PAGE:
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In partial fulfillment of the requirements for the degree of   Doctor of Philosophy in Applied Physiology In the School of Biological Sciences   MARY ALICE SALTÃO DA SILVA   Will defend her dissertation   EARLY PREDICTORS OF POST-STROKE MOTOR RECOVERY   NOVEMBER 8, 2021 2:30 PM https://zoom.us/j/98724266692   Thesis Advisors: LEWIS WHEATON, Ph.D. School of Biological Sciences Georgia Institute of Technology   MICHAEL BORICH, Ph.D. School of Medicine Emory University School of Biological Sciences Georgia Institute of Technology   Committee Members:  RICHARD NICHOLS, Ph.D. School of Biological Sciences Georgia Institute of Technology   SAMIR BELAGAJE, M.D. School of Medicine Emory University   CATHY STINEAR, Ph.D. School of Medicine University of Auckland ABSTRACT: Stroke is a leading cause of long-term disability worldwide. Despite robust spontaneous biological recovery mechanisms and provision of intensive rehabilitation therapies, most stroke survivors experience persistent loss of upper extremity function which is directly related to reduced independence in activities of daily living and diminished quality of life. Identification of clinical, anatomical, or neurophysiologic indices that accurately predict the capacity for recovery post-stroke is crucial to facilitate precision-based medicine approaches for clinical management, including targeted therapeutic interventions. The Predict Recovery Potential (PREP2) prediction tool uses a combination of clinical measurements and neurological biomarkers to predict paretic upper extremity (PUE) motor outcomes but has yet to be externally validated in the US healthcare system. The primary study objectives were to: 1) evaluate external validation feasibility of PREP2 in the US; 2) retrospectively assess current care practices to determine the routinely collected measures that are most predictive of PUE functional outcome post-stroke; 3) evaluate the prognostic merit of biomarkers isolated from clinical neuroimaging. The studies were conducted via retrospective chart review for two cohorts of stroke patients over fiscal years 2016-2018. In Aim 1, I assessed prospective validation feasibility of the PREP2 prediction tool in acute care settings in the US using a cohort of all stroke admissions to Emory University Hospital and Grady Memorial Hospital. In Aims 2 and 3, I assessed the ability of currently collected clinical measures and neurologic biomarkers isolated from clinical imaging to predict PUE motor outcomes post-stroke using a cohort of patients with similar clinical management across the continuum of stroke rehabilitation and recovery. This cohort of patients remained within the Emory University Hospital system for acute hospitalization, inpatient rehabilitation, and outpatient care, allowing longitudinal assessment to track recovery and to estimate the level of PUE motor function return. Institutional electronic medical record systems were utilized to extract metrics including demographic data, stroke characteristics, longitudinal documentation of post-stroke motor function, and metrics of stroke care management along the post-stroke care continuum. Clinically diagnostic MRI was used to create lesion masks which were spatially normalized and processed to obtain corticospinal tract (CST) lesion overlap in both primary motor (M1) and non-M1 CST projections. Metric associations were investigated with correlation and cluster analyses, Kruskal-Wallis tests, classification and regression tree (CART) analyses. In Aim 1, we found that current stroke management allows for shoulder abduction finger extension manual muscle tests (SAFE score) to be obtained at therapy evaluations and for the National Institutes of Stroke Scale score to be extracted from the patient chart. On average, patients appropriate for CST integrity assessment remain in the acute care hospital setting at a time when CST function should be evaluated for PREP2 validation. In Aims 2 and 3, estimations of PUE strength extracted from the patient chart (E-SAFE) and clinical MRI-derived CST lesion overlap were associated with PUE functional outcome. Cluster analysis produced three distinct outcome groups and aligned closely to previous outcome categories. Outcome groups significantly differed in E-SAFE scores and lesion overlap on cortical projections within the CST, in particular those emanating from non-M1 cortical areas. Exploratory predictive models using clinical MRI metrics, either alone or in combination with clinical measures, were able to accurately identify recovery outcome category for patients using assessments made during both the acute and early subacute phases of post-stroke recovery. Results suggest that (1) prospective PREP2 validation studies are feasible in a US healthcare setting, (2) SAFE is an easy-to-acquire, readily implementable screening metric with high clinical utility for patients who undergo AR post-stroke, and (3) clinical MRI-derived biomarkers of both M1 and non-M1 contributions to CST integrity may offer unique insight into PUE motor outcome potential.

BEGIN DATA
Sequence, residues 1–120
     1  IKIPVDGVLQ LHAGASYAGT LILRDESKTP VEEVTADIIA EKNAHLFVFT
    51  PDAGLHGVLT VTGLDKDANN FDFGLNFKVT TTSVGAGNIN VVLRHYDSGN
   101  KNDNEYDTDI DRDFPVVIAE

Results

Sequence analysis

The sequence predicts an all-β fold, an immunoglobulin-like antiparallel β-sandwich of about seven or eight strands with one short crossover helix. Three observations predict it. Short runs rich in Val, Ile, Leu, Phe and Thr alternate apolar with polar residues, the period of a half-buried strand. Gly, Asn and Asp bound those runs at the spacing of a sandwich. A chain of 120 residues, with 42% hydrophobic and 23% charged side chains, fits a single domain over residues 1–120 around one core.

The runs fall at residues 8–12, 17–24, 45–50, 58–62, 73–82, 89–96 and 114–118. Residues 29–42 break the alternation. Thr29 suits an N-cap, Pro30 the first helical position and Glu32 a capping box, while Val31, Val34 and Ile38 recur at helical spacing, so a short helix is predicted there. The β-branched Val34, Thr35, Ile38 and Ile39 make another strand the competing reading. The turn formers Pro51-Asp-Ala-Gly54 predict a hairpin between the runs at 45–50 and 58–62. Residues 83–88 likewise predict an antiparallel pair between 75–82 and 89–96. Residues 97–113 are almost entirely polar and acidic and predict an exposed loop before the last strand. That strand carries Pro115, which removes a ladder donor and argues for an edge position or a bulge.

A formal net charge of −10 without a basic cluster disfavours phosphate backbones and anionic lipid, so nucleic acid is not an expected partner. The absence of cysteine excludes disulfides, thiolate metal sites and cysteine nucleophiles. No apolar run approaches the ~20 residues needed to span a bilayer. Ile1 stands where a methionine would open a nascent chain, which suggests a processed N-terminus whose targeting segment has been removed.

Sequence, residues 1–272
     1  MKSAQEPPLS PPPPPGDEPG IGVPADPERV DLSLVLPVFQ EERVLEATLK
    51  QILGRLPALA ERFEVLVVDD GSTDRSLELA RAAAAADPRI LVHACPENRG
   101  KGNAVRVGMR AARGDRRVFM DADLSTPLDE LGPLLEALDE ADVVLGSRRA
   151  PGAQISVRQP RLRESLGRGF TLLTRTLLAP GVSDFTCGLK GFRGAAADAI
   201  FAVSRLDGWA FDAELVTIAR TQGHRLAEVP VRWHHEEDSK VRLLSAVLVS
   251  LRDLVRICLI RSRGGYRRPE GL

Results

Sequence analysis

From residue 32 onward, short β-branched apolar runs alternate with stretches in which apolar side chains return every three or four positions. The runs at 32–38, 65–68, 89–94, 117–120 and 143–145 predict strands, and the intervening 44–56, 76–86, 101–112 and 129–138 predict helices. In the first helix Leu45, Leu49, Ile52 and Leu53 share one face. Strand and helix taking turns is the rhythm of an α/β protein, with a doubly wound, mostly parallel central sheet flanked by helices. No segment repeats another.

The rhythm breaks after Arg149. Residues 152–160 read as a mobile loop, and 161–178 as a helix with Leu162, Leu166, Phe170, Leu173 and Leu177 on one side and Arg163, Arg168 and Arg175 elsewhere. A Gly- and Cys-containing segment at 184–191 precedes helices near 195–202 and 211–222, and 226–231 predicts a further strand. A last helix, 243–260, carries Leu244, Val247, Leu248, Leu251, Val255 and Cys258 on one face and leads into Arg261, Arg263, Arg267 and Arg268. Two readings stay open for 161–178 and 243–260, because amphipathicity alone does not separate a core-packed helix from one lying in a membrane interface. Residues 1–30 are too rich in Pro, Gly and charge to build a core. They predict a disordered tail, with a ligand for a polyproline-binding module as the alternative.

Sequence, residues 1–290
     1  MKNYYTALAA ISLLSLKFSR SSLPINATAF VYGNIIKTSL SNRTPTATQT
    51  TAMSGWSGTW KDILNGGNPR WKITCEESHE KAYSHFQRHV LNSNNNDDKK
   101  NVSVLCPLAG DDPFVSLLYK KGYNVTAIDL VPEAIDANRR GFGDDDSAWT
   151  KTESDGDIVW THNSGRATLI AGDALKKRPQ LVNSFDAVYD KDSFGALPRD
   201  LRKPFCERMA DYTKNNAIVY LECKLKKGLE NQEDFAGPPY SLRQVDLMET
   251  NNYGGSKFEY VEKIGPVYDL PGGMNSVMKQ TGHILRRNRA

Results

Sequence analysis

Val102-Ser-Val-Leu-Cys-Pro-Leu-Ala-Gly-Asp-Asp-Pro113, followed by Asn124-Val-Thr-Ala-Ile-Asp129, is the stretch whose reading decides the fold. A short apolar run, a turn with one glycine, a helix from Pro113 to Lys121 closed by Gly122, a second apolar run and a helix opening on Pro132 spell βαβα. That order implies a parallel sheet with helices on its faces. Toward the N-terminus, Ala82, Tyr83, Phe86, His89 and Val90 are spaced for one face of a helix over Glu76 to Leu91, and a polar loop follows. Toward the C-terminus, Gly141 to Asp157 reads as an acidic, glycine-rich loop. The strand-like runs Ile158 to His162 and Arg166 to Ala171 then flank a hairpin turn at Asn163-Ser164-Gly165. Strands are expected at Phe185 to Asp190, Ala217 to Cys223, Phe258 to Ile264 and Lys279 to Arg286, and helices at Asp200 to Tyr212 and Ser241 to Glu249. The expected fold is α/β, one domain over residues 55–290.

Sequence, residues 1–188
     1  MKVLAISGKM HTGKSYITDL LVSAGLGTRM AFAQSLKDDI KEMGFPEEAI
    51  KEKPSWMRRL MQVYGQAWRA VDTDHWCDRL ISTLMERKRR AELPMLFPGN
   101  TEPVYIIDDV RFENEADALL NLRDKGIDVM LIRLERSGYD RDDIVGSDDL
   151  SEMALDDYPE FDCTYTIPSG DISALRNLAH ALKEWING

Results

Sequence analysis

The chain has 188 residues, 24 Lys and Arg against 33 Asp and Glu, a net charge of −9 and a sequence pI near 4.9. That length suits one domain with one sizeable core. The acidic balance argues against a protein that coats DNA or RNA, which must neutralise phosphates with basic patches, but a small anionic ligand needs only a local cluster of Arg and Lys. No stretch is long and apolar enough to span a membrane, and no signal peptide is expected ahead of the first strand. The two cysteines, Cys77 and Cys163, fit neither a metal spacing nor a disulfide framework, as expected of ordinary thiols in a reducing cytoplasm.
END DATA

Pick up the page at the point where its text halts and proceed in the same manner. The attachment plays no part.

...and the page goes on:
• Workflow Status: Published
  • Created By: Tatianna Richardson
  • Created: 10/25/2021
  • Modified By: Tatianna Richardson
  • Modified: 10/25/2021